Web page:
- The majority of adults do not employ the tools of critical evaluation sufficiently to avoid the acceptance of well-crafted falsehoods, myths, and conspiracy theories.
- Our secondary schools provide the best opportunity and, in most cases, the last opportunity for people to acquire critical evaluation skills and the desire to use them throughout life.
- Secondary school curricula are often praised for their inclusion of “critical thinking skills” even though the skills of critical evaluation [Element #1] are mostly ignored.
- By teaching the tools of critical evaluation to secondary students and instilling a desire to use those tools throughout life will result in citizens better able to contribute positively to society.
To become skilled in critical evaluation, it is necessary to become familiar with fallacies, biases, and properties of information sources. Even a simple statement can be the result of fallacious reasoning and a host of biases held by the source of the statement.
Students need to be taught how to:
- Recognize fallacies in communications
- straw man
- appeal to emotion
- appeal to tradition
- ad hominem
- association fallacy
- (among others)
- Recognize and evaluate biases in themselves, in the community, and in communications
- confirmation bias
- implicit (unconscious) bias
- availability bias
- egocentric bias
- optimism/pessimism biases
- authority bias
- political bias
- (among others)
- Recognize and evaluate properties of information sources
- source ownership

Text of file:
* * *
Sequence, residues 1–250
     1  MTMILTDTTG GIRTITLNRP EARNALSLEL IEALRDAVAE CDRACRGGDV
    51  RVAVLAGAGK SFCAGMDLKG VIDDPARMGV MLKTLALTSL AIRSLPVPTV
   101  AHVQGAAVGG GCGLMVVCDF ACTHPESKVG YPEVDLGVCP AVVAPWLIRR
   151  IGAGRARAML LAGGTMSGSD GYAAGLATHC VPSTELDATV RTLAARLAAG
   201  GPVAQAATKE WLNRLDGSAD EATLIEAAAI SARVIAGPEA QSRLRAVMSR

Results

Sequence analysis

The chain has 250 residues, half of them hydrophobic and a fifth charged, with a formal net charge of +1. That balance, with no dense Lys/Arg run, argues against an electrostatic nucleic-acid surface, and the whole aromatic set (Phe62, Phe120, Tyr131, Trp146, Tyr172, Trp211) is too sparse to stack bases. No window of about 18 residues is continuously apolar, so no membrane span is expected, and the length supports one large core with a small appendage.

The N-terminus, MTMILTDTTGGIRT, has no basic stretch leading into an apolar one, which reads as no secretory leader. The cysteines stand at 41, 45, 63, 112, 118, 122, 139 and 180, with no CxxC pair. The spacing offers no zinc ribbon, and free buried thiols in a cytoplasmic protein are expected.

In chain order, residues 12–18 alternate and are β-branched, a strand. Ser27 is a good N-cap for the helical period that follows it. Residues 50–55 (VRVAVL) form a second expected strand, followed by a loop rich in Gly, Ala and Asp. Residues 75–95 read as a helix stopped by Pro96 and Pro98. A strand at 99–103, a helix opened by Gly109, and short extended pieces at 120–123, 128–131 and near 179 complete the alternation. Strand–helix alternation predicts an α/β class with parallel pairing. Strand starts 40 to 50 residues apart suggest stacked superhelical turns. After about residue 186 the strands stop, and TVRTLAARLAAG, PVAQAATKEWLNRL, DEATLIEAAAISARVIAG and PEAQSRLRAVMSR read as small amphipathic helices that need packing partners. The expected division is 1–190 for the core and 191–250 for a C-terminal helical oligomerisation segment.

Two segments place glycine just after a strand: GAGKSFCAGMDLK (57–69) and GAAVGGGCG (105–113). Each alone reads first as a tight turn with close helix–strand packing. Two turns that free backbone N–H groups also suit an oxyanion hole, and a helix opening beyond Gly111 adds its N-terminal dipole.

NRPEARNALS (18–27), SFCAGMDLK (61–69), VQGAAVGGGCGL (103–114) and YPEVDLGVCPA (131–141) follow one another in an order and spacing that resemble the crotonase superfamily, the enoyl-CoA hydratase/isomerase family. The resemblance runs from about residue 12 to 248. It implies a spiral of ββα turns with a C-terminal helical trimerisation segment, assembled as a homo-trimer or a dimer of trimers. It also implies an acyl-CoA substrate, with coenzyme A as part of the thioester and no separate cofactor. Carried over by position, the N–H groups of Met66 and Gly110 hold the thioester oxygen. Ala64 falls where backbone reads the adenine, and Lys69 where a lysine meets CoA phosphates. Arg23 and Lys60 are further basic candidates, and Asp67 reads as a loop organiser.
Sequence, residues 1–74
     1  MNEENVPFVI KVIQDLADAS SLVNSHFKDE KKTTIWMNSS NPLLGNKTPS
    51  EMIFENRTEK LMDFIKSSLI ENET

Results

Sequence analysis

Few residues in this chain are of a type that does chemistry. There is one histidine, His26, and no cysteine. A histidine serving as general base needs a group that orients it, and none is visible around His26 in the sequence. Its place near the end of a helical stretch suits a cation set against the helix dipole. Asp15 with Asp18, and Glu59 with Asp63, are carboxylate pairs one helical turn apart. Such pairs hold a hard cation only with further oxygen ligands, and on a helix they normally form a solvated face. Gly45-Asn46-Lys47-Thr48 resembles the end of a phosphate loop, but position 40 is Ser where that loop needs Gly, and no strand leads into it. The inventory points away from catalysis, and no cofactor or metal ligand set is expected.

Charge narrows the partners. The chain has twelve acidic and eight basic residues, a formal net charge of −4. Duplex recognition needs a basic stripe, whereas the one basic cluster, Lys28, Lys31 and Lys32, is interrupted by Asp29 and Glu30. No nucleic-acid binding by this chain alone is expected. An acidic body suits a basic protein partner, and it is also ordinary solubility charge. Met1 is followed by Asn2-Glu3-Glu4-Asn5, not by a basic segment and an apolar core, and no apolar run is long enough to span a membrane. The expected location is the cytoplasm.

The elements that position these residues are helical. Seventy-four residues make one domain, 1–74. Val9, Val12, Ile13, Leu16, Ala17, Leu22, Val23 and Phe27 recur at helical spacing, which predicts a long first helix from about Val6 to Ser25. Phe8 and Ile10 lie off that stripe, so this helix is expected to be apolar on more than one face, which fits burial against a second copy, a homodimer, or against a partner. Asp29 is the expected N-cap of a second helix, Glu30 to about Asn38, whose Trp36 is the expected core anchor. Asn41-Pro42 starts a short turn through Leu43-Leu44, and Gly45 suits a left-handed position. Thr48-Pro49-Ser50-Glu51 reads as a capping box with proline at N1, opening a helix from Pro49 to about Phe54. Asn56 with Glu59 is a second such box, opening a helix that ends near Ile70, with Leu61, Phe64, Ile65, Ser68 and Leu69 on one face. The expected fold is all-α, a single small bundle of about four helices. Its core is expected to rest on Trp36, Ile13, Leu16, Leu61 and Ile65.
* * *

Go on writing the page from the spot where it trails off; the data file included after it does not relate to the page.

- source affiliations
- source mission
- source reputation
There are dozens of distinct fallacies and biases that have been academically identified, but a secondary school syllabus need only cover a representative sampling in priming students to be on the lookout for any and all fallacies and biases.
The syllabus must highlight a diversity of information sources and their properties. Some important sources for students are:
- school administration
- political rhetoric
- video games
- social media
- radio and TV stations
- news outlets
- Wikipedia, and other ‘-pedias.’
Critical evaluation skills along with other critical thinking skills are essential tools for everybody in making real-life choices in the real world. Here is a short list of choices that confront all of us:
- diet and health
- organizational affiliations (from street gangs to trade unions)
- sports & recreation
- use of drugs
There are powerful institutional realities that work against equipping our students with solid skills in critical evaluation.
- Secondary school curricula are already packed with requirements and testing. Finding time to expand the curricula is daunting.
- There may be concerns that a population using critical evaluation skills would question – and perhaps threaten – the following cultural norms: